He’s debilitated by his eye-drive as the Silence burst through the door, but luckily Amy shows up with a sub-machine gun. Or something semi-automatic, anyway.

As Amy and Rory leave, Madame Cavorian (whose eye-drive has fallen partway off) calls out to Amy, asking her for help.

AMY: You took my baby from me. And hurt her. And now she’s all grown up and she’s fine. But I’ll never see my baby again.
MADAME CAVORIAN: But you’ll still help me. Because he would. And you’d never do anything to disappoint your precious Doctor.
AMY: The Doctor is very precious to me. But you know what else he is, Madame Cavorian? Not here.

And she readjusts Madame Cavorian’s eye-drive.

AMY: River Song didn’t get it all from you. Sweetie.

As Amy and Rory leave, Amy tells Rory they should get a drink sometime. Fine, says Rory. And married, Amy adds. This is also fine by Rory.

At the top of the pyramid, surrounded by expensive special effects, River has been sending out a distress call to everything, in every time: “The Doctor is dying. Please, please help.”

The Doctor says that this is stupid, and worse than that, he finds her embarrassing. Oh, Doctor: self-loathing is hardly an attractive trait.

The Doctor says that he has to die, but River can’t let him die without knowing how much he is loved—and not just by her, though she obviously places a bit of a premium on that.

DOCTOR: River. River. Why do you have to be this? Melody Pond. Your daughter. I hope you’re both proud.
RORY: I’m not sure I completely understand.
AMY: Oh, we got married and had a kid and that’s her.
RORY: Okay.

Then the Doctor and River get hand-fasted, which seems a bit pagan for as advanced a civilisation as the Time Lords. I mean, even in Robin of Sherwood, people got married with a proper monk, and that show was all about the misty (and mystic) Saxon bollocks. Okay, except for that one time with Owen of Clun, and he was evil. And a bit Welsh.

Which show am I live-blogging again?

When I return from Sherwood, the Doctor and River are married (or hand-fasted) and the Doctor’s calling her “wife” (which I refuse to admit it a bit sexy), and then they kiss and time snaps back into place.

Which means the Doctor’s dead.

Oh, well. The show will probably come back after another sixteen-year hiatus, no?

But wait: River has popped in to visit her old mum, having just climbed out of the wreck of the Byzantium, and they’re sharing a bottle of white wine in some seriously gorgeous wicker garden furniture.

Was that a middle-class moment or a middle-aged moment?

They compare time streams, and Amy’s still flipping out over the Doctor’s death, but River says of course he’s not dead.

Amy says she didn’t mean the younger versions of the Doctor, and River says that she didn’t either. Because the thing is that while the Doctor lies all the time, so does River. She has to, she says. Pretending that she didn’t know that Amy was her mother, pretending not to recognise a space-suit in Florida. But this secret is something that has Amy and River and the newly arrived Rory dancing around the garden.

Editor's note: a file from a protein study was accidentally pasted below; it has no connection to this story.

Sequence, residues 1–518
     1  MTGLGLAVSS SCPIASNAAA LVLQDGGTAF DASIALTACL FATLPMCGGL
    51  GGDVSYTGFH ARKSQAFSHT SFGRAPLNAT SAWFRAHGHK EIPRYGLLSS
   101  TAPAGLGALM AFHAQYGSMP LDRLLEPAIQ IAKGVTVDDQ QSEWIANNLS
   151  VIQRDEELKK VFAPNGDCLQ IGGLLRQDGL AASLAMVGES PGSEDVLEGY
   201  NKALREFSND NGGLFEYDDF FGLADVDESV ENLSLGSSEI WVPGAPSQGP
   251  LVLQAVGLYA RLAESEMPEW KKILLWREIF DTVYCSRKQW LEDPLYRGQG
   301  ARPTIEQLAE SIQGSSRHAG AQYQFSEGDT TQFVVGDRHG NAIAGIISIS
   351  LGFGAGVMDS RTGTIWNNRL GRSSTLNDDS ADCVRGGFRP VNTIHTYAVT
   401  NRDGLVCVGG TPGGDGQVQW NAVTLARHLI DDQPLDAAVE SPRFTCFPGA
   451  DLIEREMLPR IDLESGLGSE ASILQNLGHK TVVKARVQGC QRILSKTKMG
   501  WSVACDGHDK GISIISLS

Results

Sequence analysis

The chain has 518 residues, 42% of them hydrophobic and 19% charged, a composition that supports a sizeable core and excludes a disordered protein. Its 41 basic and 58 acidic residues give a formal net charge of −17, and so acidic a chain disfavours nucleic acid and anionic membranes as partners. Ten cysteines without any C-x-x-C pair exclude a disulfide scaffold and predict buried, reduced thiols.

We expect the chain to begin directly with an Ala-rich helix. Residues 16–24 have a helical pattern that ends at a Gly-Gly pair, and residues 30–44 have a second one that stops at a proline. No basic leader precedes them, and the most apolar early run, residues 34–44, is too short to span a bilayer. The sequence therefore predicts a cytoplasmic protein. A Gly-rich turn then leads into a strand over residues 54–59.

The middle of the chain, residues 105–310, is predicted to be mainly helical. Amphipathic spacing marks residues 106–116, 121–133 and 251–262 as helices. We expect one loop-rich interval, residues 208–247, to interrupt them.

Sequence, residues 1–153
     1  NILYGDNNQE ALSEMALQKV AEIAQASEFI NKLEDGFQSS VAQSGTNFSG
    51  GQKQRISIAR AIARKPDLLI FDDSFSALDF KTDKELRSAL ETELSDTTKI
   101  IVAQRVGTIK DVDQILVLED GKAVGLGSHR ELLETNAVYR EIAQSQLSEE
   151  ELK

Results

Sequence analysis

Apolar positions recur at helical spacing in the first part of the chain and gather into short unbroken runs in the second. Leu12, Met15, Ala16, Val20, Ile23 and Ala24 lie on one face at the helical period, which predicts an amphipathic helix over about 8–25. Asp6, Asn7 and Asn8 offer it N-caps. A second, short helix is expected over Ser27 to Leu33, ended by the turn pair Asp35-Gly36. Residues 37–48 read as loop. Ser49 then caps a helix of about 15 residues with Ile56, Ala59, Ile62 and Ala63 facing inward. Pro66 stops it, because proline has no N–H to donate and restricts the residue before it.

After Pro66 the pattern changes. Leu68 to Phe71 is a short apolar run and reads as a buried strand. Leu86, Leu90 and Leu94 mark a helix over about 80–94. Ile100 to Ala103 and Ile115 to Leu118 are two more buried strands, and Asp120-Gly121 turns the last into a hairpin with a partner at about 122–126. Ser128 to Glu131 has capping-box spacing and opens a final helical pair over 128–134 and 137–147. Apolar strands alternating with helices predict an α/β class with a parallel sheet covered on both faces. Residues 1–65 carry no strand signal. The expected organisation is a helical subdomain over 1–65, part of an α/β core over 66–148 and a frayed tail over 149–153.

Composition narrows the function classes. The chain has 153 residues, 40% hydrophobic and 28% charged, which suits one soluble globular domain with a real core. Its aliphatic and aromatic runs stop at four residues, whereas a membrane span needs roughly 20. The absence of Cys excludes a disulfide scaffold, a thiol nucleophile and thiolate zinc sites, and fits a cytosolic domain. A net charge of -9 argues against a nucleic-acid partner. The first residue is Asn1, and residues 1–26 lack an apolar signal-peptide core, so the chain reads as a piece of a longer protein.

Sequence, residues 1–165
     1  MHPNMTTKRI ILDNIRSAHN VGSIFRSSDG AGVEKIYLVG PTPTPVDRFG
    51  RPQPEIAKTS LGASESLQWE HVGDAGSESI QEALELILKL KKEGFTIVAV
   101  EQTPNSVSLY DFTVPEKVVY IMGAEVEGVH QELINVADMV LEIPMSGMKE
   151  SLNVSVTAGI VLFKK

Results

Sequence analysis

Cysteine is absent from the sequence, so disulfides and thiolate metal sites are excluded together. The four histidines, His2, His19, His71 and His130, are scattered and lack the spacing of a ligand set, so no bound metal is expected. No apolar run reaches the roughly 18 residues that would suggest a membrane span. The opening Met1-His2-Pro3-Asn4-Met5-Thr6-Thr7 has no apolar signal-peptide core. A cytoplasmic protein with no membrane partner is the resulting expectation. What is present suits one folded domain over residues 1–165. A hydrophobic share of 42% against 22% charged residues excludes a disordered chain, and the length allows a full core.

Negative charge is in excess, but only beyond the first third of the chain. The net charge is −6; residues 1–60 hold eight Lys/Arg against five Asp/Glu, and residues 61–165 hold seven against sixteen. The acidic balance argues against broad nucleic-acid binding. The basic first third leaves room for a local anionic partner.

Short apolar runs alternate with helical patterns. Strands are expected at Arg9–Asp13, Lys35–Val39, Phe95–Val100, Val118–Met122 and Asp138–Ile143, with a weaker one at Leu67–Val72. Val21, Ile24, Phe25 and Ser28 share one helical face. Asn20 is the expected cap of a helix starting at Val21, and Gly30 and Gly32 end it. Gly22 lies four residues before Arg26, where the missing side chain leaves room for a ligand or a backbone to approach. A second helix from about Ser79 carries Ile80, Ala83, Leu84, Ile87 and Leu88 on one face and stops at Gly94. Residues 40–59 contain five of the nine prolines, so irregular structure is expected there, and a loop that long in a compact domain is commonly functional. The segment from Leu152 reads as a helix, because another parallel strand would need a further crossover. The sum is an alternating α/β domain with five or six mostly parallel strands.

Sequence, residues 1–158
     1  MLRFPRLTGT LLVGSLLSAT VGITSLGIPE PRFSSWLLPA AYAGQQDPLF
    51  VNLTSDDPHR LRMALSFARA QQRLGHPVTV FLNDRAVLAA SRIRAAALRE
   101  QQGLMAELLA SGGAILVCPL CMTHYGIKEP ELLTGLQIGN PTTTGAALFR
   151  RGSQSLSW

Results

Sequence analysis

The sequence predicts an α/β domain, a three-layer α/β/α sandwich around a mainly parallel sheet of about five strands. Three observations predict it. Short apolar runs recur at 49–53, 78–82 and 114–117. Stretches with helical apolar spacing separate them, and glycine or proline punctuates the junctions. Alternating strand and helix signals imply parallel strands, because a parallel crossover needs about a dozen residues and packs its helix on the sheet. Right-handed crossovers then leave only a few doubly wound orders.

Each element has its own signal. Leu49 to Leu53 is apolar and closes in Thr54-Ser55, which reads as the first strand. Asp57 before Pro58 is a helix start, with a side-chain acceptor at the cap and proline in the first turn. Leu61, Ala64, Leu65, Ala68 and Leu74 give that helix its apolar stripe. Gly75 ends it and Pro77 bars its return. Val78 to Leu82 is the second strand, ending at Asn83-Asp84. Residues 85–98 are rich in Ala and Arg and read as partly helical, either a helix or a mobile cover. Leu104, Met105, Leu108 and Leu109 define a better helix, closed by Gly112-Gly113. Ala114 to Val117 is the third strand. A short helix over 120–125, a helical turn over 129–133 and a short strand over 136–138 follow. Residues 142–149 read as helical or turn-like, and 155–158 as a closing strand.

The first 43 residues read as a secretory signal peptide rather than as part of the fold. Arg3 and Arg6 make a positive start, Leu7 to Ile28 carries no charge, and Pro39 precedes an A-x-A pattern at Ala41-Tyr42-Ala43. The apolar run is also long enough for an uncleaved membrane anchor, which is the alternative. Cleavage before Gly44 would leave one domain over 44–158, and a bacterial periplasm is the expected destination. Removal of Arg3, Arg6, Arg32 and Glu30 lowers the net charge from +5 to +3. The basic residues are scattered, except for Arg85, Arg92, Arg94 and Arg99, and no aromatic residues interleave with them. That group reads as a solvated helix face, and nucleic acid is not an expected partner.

RIVER: Of course I’m sure. I’m his wife.
AMY: And I’m his … mother-in-law.
RIVER: Father dear, I think Mother might need another drink.

Because of course the Doctor’s not dead! We see that when he turns up with Dorian’s head. Again.

How could he be dead when he has access to a robot full of tiny little people? He barely got singed in that boat, he says.

DORIAN: And Dr Song? In prison all her days.
DOCTOR: Her days, yes. Her nights—well, that’s between her and me.

The head of Dorian says that the question still waits.

DORIAN: The first question. The question that must never be answered. Hidden in plain sight. The question you’ve been running from all your life. Doctor Who? Doctor Who? Doctor Who?

And I’m going right out on a limb and saying that I did not see that pay-off coming, and it might be the most satisfying thing that’s happened to me all season. I’ve always seen “Doctor Who” as indicative, and to have it flipped to the interrogative? Well, I’m looking forward to seeing how that pays off.

I’ll keep you all informed about any decision I make about the live-blogging for next season but rest assured: there’ll always be a discussion space here for Doctor Who, whatever else happens.

Live-blogging Doctor Who Season Six: "Closing Time"

Posted 3 October 2011 in by Catriona

Back to your previously scheduled Monday-night, slightly delayed live-blogging. I really must come up with a more permanent solution for next season: I’m thinking about the options as we speak.

Well, no: not as we speak. But at other moments, when I’m not distracted by slightly delayed live-blogging.

We open outside a shop called Sanderson and Granger, where mysterious flickerings are occurring in the lights, and the sales assistant is whinging that her telly went off in the middle of Top Model last night. But she’s sent off to meet her boyfriend while her manager does the changing rooms.

Elsewhere, Sophie (from “The Lodger”) is being sent off to have a bit of a well-deserved rest, while Craig tells her she doesn’t need to label the food.

The changing rooms are a mess, which is no surprise.